Under the second option, CCS would be deemed ineligible for funding until and unless such issues are "resolved in a satisfactory manner" by Kyoto Protocol signatories. In practice, observers expect robust pressure would ensure that such resolutions were achieved, albeit with potentially greater safeguards and conditions attached.
Final approval of the CCS proposals today (10 December) will depend on the shape of a broader deal that is currently being thrashed out at the summit.
CCS is 'one bit of the mosaic'
Artur Runge-Metzger, the EU’s chief climate negotiator, told EurActiv from Cancún that CCS was being hotly debated. "We are at the stage of looking at the entire package and this is one bit of the mosaic," he said.
"The EU legislation is there to allow for CCS. We think it is an important element and in Europe we are going into the stage of testing large scale whether this is the technology that can deliver."
Negotiators have already moved the issue up the agenda. An original draft recommendation from SBSTA, obtained by EurActiv, had contained an option declaring CCS technology ineligible for credits in the world's carbon market.
But EurActiv understands that following pressure from OPEC states, particularly Saudi Arabia, the AOSIS group of South American countries which had led opposition to CCS backed down, as a negotiating tactic to protect their "red lines".
The economic viability of CCS has been repeatedly questioned, unless great subsidies are pumped in.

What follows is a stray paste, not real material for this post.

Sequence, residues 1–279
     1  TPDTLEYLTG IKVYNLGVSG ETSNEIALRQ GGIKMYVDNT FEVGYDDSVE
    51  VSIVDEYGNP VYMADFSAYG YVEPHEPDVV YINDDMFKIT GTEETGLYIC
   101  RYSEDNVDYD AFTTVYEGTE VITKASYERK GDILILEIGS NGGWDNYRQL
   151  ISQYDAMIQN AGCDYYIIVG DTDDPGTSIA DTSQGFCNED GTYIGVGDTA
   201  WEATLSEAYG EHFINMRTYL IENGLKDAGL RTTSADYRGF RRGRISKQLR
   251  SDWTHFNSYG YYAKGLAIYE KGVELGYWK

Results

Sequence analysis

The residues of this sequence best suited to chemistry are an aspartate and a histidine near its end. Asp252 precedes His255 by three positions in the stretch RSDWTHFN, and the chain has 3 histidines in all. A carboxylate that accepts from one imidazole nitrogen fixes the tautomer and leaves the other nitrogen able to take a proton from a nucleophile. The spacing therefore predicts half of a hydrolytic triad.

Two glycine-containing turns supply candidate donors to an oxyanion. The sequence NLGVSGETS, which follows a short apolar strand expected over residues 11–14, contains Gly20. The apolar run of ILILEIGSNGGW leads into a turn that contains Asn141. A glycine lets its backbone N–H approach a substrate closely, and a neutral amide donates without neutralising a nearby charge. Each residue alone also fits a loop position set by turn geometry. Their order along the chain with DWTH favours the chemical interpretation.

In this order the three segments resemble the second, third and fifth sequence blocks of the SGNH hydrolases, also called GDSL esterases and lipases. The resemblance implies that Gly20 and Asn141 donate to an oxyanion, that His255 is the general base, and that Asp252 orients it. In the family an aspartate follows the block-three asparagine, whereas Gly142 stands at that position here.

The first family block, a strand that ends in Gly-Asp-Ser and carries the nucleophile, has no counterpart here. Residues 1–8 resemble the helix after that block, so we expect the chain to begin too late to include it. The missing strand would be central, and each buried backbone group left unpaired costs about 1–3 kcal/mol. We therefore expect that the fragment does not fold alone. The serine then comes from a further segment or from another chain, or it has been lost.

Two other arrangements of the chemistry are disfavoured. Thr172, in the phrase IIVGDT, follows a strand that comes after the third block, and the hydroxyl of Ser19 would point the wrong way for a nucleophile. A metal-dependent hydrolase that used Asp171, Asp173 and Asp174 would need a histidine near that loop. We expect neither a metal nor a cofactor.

One recent report commissioned by EU Energy Commissioner Günther Oettinger, "EU Energy Trends to 2030", suggested that the carbon price in Europe between now and 2030 was likely to remain too low for the current CCS subsidies offered by European governments to make the technology viable.
And a 2009 study by Landesbank Baden-Württemberg similarly concluded that CCS was "not practicable on commercial and economic grounds".
But the technology's potential to reduce emissions is not in doubt.
The Intergovernmental Panel on Climate Change's report into CCS found that it could reduce carbon dioxide emissions from power plants by up to 80-90%. By 2050, some 20-40% of all global fossil fuel emissions could technically be suitable for capture, it said.
But CCS remains stubbornly unpopular with environmentalists who warn that this time frame would be too late to stop runaway global warming, and renewable energy is anyway a much wiser investment.
They charge that energy firms like BP and Shell International support CCS because one of its byproducts – liquefied carbon – could theoretically be pumped into depleted oil fields to allow the easy extraction of remaining reserves.